Report: Air Pollution Puts Cruise Passengers at Risk
An investigative report by Dr. Ryan Kennedy of the Johns Hopkins University Bloomberg School of Public Health claims that air quality on four Carnival Corporation ships can be worse than some of the world’s most polluted cities including Beijing and Santiago.
The study was commissioned by the international environmental organization Stand.earth.
The study measured ultrafine particulate pollution from multiple locations on four cruise ships, both in port and at sea over multi-day cruises. Ultrafine particles can have thousands of times more surface area than fine particles and are small enough to be inhaled into a person’s lungs and move into the bloodstream, where they can cause higher rates of cardiovascular disease and asthma. Recent studies have suggested that ultrafine particles may be the most dangerous to human health, and that particulate matter from ship exhaust may be to blame for tens of thousands of annual deaths, claims the organization.
Stand.earth is urging Carnival Corporation to transition away from using heavy fuel oil to power its ships and immediately switch to a cleaner-burning fuel while installing filters to help reduce ultrafine particulate pollution. Ultimately, Stand.earth wants Carnival Corporation to transition away from fossil-fuel powered ships completely.
All four ships in the study have scrubbers installed that allow them to burn heavy fuel oil inside most of the North American and Caribbean Emissions Control Areas. In California, where scrubbers are banned within 24 miles from shore, ships are required to switch to a cleaner-burning fuel.
“This report’s continuous elevated readings indicate that even in California, where Carnival Corporation is required to switch to a cleaner-burning fuel, air pollution on board remains a serious concern,” said Kendra Ulrich, Senior Shipping Campaigner at Stand.earth.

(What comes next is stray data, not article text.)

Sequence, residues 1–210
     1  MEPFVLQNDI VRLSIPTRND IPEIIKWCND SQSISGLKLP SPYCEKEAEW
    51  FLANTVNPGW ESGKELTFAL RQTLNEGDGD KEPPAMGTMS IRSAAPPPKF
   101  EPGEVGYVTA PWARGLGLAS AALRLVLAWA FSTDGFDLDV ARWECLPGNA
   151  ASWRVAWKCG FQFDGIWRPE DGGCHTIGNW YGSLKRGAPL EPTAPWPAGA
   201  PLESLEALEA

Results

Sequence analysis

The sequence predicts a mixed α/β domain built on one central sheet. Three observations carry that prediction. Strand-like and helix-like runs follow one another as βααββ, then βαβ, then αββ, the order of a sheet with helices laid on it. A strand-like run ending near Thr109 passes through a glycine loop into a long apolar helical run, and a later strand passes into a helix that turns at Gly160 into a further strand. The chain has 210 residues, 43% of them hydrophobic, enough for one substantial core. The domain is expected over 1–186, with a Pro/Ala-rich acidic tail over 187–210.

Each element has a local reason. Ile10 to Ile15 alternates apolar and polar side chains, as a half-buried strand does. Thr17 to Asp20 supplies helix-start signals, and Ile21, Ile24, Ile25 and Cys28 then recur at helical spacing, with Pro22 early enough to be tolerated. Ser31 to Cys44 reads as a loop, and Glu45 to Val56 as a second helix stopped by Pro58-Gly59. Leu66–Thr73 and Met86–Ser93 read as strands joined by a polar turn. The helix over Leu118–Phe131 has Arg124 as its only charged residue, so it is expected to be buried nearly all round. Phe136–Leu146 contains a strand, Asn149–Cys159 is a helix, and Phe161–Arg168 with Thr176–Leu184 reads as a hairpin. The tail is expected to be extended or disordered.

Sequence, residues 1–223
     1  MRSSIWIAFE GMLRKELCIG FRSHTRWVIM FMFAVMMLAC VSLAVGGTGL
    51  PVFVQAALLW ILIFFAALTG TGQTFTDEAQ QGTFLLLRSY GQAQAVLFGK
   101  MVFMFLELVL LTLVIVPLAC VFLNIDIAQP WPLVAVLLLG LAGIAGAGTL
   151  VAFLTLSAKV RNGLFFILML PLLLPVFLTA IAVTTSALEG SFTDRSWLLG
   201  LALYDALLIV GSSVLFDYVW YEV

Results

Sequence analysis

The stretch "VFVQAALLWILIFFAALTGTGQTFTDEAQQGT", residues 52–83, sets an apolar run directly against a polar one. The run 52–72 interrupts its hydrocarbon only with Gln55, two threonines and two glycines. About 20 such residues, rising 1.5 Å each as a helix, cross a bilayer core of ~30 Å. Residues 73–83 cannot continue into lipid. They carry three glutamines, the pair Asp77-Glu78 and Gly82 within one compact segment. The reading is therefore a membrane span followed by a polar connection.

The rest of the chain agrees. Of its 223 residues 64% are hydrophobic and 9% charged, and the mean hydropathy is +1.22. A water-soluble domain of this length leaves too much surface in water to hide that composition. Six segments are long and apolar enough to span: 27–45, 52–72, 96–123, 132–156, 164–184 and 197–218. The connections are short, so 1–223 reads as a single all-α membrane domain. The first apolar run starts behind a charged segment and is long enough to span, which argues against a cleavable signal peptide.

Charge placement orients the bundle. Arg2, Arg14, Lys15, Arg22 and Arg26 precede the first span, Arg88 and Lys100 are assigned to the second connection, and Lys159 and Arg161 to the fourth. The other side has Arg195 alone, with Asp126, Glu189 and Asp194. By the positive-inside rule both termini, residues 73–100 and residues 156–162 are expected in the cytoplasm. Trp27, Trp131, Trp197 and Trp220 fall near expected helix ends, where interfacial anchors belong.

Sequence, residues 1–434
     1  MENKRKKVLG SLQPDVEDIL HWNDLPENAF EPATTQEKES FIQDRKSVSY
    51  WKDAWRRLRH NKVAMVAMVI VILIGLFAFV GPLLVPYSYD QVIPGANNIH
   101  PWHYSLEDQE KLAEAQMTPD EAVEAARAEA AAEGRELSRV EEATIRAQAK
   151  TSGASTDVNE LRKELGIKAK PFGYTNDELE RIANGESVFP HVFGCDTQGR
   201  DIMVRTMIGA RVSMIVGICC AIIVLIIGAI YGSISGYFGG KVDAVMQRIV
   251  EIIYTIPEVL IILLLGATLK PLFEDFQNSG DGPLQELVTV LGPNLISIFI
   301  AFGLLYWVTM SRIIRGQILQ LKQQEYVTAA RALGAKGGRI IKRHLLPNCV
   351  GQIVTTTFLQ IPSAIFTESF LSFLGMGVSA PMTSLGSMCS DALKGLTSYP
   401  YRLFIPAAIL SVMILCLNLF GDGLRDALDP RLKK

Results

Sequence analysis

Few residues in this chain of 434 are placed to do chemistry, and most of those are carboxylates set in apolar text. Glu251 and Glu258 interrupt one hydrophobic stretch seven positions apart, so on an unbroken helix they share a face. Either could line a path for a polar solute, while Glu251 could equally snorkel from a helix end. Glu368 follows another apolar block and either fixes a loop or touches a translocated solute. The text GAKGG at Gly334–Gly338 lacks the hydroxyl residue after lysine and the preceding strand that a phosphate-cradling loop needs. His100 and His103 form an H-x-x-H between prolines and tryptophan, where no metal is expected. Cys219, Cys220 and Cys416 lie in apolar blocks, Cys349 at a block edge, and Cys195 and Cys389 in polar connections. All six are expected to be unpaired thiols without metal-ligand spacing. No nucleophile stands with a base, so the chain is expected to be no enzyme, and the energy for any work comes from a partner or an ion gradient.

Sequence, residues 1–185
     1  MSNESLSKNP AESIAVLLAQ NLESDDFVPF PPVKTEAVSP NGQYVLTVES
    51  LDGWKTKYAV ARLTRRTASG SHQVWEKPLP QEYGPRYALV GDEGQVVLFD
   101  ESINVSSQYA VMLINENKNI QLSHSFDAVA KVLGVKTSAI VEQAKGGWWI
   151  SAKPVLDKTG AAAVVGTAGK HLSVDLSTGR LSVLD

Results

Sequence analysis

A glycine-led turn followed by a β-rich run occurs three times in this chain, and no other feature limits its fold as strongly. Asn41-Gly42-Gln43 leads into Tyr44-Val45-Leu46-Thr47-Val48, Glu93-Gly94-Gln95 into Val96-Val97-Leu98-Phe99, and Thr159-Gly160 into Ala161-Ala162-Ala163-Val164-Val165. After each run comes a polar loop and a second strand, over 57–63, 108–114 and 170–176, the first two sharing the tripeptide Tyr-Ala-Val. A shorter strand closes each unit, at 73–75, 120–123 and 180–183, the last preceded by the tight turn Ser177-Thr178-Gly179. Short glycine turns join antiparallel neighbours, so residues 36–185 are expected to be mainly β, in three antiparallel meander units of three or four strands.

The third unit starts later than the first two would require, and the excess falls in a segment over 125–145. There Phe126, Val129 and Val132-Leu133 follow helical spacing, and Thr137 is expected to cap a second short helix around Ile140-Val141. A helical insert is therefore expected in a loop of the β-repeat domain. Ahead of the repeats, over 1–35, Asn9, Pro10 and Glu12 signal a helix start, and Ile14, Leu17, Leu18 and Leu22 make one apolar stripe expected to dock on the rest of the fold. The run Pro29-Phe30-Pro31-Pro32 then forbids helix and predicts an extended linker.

A 2017 study by the Nature & Biodiversity Union in Germany measured ultrafine particulate air pollution from cruise ship emissions on the Greek island of Santorini. This prompted the British Heart Foundation to issue advice telling cruise passengers to avoid standing in areas near or downwind from engine funnels.
Channel 4 Dispatches conducted an undercover study in 2018 in the U.K. This investigation examined ultrafine particulate air pollution on board a Carnival-owned P&O cruise ship. It found readings downwind of and next to engine funnels that were double that of central London. These air pollution fears fueled a fight against a new cruise ship terminal in London on the river Thames that would have brought up to 55 cruise ships per year to London. The ships would have to run their engines around the clock due to a lack of on-shore power. Plans for the new terminal were scrapped in November 2018 due to air pollution concerns.
The report is available here.